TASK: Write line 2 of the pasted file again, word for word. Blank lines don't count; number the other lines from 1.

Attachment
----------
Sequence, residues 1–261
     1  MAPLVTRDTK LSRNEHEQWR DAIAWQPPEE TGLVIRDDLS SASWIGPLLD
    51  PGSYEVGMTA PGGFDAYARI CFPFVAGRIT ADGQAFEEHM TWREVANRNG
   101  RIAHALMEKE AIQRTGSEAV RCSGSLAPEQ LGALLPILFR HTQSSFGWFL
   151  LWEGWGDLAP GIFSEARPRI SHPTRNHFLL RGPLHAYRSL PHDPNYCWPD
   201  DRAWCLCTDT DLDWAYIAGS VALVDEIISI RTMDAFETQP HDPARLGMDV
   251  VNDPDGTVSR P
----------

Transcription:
     1  MAPLVTRDTK LSRNEHEQWR DAIAWQPPEE TGLVIRDDLS SASWIGPLLD